How will inflation affect my state pension?

Paul Lewis / 06 March 2018

Every April, state pensions and benefits for older people are increased to help them pay for the rising cost of food, energy and other essentials. But this year the amount paid to around two million of the poorest pensioners will not keep up with rising prices, as the Government quietly breaks the link between pension credit and the new state pension

The poorest pensioners are those who get pension credit, a means-tested benefit that brings the income of a single pensioner up to the level of the new state pension less a few pence. Currently the full new state pension is £159.55 a week and pension credit is £159.35. So almost everyone who does not get an income at the level of the new state pension can get extra means-tested assistance to bring it up to within 20p of that rate.

From April 2018 that relationship will change. The new state pension will rise by £4.80 to £164.35 a week but the pension credit will increase by just £3.65, giving recipients £163 a week. That is an increase of 2.3%, which is well below the 3% rate of inflation used to raise the new state pension. This rise of 2.3% will also apply to means-tested help with rent and council tax paid to people over 65.

The Government says the £3.65 increase in pension credit is the same as the cash increase in the old basic state pension (paid to people who reached pension age before 6 April 2016). That will go up from £122.30 a week to £125.95 a week. The Government says that fulfils a legal requirement to raise pension credit at least in line with earnings.

However, it cannot escape the fact that the poorest pensioners will get a lower percentage rise than the vast majority of pensioners who do not rely on pension credit or other means-tested benefits.

Almost all other parts of the state pension will rise by 3%, which includes the basic state pension, plus the State Second Pension (or SERPS). It also covers the extra state pension paid to those who have deferred claiming it at state pension age. The only exceptions – as ever – are the 25p a week extra at the age of 80 and the £10 Christmas Bonus – both frozen. They are paid only to people who reached state pension age before 6 April 2016.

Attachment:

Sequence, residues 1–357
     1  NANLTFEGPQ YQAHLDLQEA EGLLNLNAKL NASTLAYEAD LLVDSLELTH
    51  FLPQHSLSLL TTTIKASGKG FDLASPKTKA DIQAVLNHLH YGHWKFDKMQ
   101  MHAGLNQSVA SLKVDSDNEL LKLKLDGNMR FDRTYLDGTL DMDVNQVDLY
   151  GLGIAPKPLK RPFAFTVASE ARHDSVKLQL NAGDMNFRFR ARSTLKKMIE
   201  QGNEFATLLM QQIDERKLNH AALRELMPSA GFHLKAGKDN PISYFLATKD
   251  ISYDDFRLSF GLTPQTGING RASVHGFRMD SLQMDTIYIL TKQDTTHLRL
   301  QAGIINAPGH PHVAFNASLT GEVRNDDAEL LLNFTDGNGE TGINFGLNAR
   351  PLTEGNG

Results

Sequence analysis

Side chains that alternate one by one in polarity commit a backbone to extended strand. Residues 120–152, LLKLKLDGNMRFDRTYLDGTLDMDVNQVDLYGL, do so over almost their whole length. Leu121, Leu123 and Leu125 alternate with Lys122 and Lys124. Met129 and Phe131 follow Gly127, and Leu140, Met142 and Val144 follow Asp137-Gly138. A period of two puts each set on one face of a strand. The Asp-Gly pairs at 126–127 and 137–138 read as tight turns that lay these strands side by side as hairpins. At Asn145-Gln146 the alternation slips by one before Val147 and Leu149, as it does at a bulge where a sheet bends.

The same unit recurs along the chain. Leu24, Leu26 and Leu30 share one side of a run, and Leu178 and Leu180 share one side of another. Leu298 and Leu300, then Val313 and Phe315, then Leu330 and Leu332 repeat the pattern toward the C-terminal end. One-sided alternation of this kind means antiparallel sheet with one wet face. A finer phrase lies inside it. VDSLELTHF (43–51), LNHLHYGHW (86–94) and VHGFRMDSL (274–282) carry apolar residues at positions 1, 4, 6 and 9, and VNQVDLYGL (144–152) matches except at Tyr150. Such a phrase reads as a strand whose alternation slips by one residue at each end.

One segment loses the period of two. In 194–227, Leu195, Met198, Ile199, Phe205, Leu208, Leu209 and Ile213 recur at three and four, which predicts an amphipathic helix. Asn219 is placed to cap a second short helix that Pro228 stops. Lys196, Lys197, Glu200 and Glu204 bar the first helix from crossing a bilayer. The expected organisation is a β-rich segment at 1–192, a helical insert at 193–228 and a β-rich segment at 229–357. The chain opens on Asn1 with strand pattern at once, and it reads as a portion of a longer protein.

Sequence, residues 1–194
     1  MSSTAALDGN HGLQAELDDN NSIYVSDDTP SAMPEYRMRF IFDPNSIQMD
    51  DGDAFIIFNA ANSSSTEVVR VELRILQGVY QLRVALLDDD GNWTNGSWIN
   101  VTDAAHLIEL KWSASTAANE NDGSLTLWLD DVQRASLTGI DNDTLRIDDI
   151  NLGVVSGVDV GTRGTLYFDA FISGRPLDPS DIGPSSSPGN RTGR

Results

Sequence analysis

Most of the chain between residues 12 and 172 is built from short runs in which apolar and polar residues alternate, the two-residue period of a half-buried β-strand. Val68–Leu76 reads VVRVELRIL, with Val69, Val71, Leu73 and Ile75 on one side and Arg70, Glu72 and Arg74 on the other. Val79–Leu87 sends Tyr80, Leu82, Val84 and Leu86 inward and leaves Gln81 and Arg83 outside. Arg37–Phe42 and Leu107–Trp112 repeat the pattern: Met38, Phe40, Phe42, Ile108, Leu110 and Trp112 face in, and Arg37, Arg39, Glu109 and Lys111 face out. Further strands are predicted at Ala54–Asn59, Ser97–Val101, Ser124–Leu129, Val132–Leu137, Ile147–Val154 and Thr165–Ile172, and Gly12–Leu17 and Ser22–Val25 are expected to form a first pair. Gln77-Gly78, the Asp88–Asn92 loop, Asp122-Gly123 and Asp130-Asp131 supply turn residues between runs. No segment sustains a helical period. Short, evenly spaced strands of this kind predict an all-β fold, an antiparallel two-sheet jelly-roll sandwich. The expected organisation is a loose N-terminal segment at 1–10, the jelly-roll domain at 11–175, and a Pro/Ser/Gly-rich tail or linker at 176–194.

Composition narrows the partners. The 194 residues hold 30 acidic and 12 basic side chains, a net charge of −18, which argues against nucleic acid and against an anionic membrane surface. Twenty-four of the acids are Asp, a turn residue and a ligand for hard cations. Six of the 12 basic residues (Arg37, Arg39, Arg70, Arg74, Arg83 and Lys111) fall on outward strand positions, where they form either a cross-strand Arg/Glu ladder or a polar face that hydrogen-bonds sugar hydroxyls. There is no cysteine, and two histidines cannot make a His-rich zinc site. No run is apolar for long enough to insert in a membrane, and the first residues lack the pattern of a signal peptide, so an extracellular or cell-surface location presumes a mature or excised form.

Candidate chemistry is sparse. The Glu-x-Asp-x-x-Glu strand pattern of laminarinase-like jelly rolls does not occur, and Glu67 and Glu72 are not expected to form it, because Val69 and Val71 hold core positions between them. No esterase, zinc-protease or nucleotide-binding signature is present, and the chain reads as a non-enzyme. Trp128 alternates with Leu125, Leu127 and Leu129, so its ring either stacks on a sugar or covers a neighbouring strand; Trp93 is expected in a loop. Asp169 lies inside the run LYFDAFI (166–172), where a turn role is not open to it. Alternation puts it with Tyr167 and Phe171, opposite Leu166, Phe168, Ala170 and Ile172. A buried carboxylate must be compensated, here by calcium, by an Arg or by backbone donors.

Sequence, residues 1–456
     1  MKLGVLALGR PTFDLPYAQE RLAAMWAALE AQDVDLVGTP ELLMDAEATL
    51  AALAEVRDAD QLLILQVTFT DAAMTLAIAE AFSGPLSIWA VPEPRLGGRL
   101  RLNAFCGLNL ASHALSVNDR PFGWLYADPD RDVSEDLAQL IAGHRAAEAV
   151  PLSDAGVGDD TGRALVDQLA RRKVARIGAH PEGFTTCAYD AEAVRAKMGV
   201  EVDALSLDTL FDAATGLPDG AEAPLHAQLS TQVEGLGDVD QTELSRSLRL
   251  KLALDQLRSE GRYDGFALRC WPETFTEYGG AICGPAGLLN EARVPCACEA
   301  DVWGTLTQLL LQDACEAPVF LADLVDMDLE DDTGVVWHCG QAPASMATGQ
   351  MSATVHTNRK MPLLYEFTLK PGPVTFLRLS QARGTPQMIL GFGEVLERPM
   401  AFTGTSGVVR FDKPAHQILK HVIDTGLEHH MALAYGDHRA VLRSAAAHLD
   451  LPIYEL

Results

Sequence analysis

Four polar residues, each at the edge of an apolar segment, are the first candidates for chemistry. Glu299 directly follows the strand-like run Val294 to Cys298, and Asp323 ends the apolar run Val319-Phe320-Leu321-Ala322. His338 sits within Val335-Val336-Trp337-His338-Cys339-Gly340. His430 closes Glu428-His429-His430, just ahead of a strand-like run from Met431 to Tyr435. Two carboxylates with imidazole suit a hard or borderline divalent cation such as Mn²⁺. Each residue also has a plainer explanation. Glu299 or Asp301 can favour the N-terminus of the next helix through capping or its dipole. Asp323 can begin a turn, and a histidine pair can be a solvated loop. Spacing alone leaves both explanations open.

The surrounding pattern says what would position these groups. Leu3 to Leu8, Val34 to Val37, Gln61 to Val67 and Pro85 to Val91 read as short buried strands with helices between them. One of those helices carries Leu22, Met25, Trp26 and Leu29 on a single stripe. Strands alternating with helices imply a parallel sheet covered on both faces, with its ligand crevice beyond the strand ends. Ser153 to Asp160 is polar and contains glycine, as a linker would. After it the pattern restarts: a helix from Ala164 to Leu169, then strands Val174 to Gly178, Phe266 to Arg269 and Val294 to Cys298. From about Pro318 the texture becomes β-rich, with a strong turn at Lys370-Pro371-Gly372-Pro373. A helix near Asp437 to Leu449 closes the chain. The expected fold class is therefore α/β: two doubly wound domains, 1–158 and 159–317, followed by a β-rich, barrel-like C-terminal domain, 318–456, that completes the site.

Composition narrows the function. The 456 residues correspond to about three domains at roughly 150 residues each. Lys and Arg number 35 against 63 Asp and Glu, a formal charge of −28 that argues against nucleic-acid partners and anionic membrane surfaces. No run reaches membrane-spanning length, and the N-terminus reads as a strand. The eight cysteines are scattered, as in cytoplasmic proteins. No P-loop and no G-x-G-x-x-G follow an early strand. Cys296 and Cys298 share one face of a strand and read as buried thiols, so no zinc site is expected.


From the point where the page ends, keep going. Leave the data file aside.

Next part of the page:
Should you defer your state pension?

The big freeze

New benefits were introduced this year for widows and widowers and bereaved civil partners who lost their partner from 6 April 2017 or later. As widely predicted at the time of their introduction, these Bereavement Support Payments have been frozen and will not rise in line with inflation from April 2018. The new benefits are lower than the ones they replace, saving the Government about £100m a year. Existing payments to widows and others who were bereaved before 6 April 2017 will rise by 3%, increasing the maximum bereavement allowance by £3.40 a week to £117.10. Industrial Injuries Benefits will rise by 3% and it is expected that rise will also apply to benefits paid under the War Pensions Scheme.

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Benefits paid to people under pension age who are looking for work or who cannot work for family or health reasons will be frozen in April for the third year running. These include Universal Credit, Jobseeker’s Allowance, Employment and Support Allowance, housing benefit, council tax support, income support and tax credits – but any disability premium paid with them will rise by 3%. Stand-alone disability benefits will also rise by 3%, adding £2.50 to the higher rate of attendance allowance, which will increase to £85.60 a week, and Carer’s Allowance will go up by £1.90 to £64.60 a week. All these changes happen in the week of 9 April 2018.

Altogether the Department for Work and Pensions has confirmed that 182 out of 401 amounts listed in its annual uprating statement will not change from April. That number excludes the frozen tax credits and child benefit paid by HM Revenue & Customs, which are not in the list. If they are included, around half of all the benefit rates and amounts that are related to them are frozen, despite the steady rise in UK inflation.

State pension age

This year will see the end of different state pension ages for men and women. Women born before 6 December 1953 will reach pension age on 6 November 2018 – which might be up to a month before their 65th birthday. But any woman born on 6 December 1953 or later will reach state pension age on the same date as a man with the same date of birth. The first group – born 6 December 1953 to 5 January 1954 – will reach state pension age on 6 March 2019. The age will then rise in stages to reach 66 for anyone born 6 October 1954 up to 5 April 1960. After that it will rise in stages to 67 and then 68.

Further information

To check your state pension age, go to and search ‘state pension age’. For benefit rates from 2018, go to and search ‘proposed benefit and pension rates’. To find out whether you can get means-tested help, go to

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